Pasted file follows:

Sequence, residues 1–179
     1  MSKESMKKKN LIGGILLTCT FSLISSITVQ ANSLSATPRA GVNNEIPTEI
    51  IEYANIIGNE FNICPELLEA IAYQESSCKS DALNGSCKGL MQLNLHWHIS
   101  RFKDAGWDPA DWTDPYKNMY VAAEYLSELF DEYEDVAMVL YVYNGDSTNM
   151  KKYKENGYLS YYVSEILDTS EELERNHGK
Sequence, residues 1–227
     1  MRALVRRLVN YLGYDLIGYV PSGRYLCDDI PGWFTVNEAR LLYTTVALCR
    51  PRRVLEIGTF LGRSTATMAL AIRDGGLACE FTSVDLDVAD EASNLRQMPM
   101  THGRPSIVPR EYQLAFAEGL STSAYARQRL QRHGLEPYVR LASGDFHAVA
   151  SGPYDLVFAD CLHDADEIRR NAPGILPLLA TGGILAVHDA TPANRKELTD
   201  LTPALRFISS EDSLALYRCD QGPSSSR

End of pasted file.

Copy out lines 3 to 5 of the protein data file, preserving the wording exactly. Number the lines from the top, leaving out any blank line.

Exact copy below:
    51  IEYANIIGNE FNICPELLEA IAYQESSCKS DALNGSCKGL MQLNLHWHIS
   101  RFKDAGWDPA DWTDPYKNMY VAAEYLSELF DEYEDVAMVL YVYNGDSTNM
   151  KKYKENGYLS YYVSEILDTS EELERNHGK